I recently decided to try to learn how to bake cakes and decorate them. It's harder than it looks:>) but I'm making progress. All online. Most, OK all of my shortcomings will be overcome by practice.


Eric

Jwhite8040's picture
Jwhite8040

I took a week long bread baking class at ICE in New York as part of their Recreational division.  It was 40 hours of baking bread alone with a focus on getting through a book of recipes and it was fantastic.  It made me fearless.  Since I was with others like myself, the environment was supportive and fun and I had the very best instruction, tools and recipes.  The cost was reasonable and you could try this without breaking the bank and see if you still felt the need to spend all that money and time on classes with a "professional" focus.  


 


 

patricia hains's picture
patricia hains

I too took a five day course and it was fabulous.  And I love your word, "fearless" because that is exactly what happened to me.  It gives you the confidence that no recipe or cookbook can render!  Nicely stated.

Bread Buddy's picture
Bread Buddy

In answer to your question - YES by all means professional baking classes are a great help to the home baker.  I had enjoyed baking bread for many years before taking professional classes.  The bread I made was good but now it is outstanding.  I learned so much that I did not know about technique, ingredients, and the science of bread.  It may be more than the average home bread baker needs to know but it certainly makes a difference if your goal is to make the best bread possible.


I took a week-long course three years ago for Artisan Bread at the French Culinary Institute in NYC.  It was an intense course (not for the faint of heart or anyone not really serious about their baking) and I highly recommend the school and the course.  A week-long professional course is costly - especially if there are traveling expenses such as plane fare and hotel stays.  But for a serious baker who is looking to hone their skills, it is very worthwhile.

tmarz's picture
tmarz

I would say yes. It really helps you understand some of the science behind it all, plus making things professionally can be applied to your smaller baking productions.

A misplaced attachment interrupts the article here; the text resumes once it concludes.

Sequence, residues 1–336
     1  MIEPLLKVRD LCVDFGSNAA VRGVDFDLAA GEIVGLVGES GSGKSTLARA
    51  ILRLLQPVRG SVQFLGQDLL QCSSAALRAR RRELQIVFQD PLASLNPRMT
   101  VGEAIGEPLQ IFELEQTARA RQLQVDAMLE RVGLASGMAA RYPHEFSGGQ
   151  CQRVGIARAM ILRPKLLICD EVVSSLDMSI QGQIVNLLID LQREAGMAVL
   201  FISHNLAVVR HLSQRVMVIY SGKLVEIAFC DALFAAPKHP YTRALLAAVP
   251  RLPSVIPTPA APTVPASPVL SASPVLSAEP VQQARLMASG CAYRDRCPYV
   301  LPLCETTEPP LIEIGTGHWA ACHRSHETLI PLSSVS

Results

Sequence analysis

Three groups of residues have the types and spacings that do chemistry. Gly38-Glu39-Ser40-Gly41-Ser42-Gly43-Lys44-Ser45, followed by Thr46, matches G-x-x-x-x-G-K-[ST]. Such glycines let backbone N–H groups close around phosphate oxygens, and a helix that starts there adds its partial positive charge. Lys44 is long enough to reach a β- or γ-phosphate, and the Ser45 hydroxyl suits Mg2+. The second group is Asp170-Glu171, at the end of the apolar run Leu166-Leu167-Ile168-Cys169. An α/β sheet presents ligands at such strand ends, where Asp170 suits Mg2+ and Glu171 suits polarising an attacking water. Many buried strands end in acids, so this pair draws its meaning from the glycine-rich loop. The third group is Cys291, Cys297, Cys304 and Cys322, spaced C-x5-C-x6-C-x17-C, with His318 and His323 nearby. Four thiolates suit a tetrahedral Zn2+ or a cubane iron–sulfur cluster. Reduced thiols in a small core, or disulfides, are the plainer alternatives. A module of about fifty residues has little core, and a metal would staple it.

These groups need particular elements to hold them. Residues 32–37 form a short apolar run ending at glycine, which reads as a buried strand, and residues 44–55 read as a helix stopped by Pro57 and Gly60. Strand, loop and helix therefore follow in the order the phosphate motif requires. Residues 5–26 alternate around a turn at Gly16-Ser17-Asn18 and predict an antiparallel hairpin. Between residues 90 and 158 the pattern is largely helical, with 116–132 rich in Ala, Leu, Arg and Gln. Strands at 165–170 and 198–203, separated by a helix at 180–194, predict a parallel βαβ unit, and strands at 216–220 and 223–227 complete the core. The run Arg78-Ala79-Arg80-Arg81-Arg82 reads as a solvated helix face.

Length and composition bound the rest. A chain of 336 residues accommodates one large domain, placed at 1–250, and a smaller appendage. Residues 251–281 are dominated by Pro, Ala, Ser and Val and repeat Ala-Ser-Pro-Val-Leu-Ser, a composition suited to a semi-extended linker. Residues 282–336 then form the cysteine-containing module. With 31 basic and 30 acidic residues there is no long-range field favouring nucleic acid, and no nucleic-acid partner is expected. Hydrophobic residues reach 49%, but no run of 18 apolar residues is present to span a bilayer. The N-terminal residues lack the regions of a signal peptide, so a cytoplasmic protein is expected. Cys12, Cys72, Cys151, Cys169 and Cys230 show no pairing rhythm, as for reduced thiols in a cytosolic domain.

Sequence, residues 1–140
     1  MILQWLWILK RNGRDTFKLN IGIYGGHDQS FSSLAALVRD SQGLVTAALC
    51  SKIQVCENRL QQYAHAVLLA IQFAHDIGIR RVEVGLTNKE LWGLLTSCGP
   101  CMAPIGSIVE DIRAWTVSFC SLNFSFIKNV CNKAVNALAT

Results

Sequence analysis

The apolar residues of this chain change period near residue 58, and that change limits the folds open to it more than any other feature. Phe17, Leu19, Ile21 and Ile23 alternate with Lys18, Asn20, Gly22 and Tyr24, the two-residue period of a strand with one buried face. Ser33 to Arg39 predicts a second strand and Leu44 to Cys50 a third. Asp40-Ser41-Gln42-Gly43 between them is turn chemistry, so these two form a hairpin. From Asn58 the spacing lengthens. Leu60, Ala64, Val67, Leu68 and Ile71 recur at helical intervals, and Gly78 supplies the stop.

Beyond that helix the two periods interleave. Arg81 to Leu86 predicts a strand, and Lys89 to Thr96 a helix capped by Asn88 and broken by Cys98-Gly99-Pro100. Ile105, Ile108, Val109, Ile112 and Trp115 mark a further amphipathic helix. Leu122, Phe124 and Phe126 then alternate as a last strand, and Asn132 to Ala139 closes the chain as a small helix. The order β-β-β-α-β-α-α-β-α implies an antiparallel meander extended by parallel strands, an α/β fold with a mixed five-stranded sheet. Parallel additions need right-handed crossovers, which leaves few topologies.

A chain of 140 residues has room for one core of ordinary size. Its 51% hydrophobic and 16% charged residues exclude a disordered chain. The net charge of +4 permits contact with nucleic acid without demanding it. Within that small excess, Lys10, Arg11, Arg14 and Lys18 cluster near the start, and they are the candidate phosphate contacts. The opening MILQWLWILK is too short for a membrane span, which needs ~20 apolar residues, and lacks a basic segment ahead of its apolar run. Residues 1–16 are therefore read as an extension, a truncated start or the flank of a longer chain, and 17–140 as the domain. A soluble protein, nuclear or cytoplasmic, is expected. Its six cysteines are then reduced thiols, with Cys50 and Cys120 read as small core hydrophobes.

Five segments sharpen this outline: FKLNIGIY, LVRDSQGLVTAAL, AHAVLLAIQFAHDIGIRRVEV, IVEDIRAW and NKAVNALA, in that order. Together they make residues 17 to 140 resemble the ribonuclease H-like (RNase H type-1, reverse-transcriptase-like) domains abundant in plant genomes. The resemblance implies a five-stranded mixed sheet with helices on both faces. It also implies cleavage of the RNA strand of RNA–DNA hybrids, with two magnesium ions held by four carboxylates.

Kroha's picture
Kroha

for all the different perspectives provided above.  It seems that those who have taken formal classes found the training useful.  I decided to take the first two courses in the Newbury College program (general culinary concepts course and then a 64-hour course on bread baking) and then decide whether or not to go forward in the program.  I will have completed the two courses by the end of December 2010.  Newbury College is a 15 minute walk from my house, so you can't beat the convenience, and their program is very highly rated.


@ehanner -- I agree that there are many educational opportunities on-line.  I made and decorated a huge three-dimensional train cake for my twins' last birthday, and every technique I used I got on line.  But I discovered that it takes time just to find good videos, and there is certainly a lot of trial and error involved.  The efficiency of taking a class and availability of professional feedback, as well as the social aspect of being with a group of people interested in the same subject, appeal to me. 


Thanks again for all your wonderful insights!


Kroha

turosdolci's picture
turosdolci

I am so pleased that you deicded to go forward in this manner.  It makes a lot of sense and I think you will gain a lot of knowledge.  It will help you make an informed decision about how you want to go forward.  I wish you a lot of luck and would love to hear how you are getting along and your impressions of the program you as you go through this program. 


It is wonderful that all the imput you received helped you in your decision and the people on this site are great in giving their support to others.


Regards, and good luck!


Patricia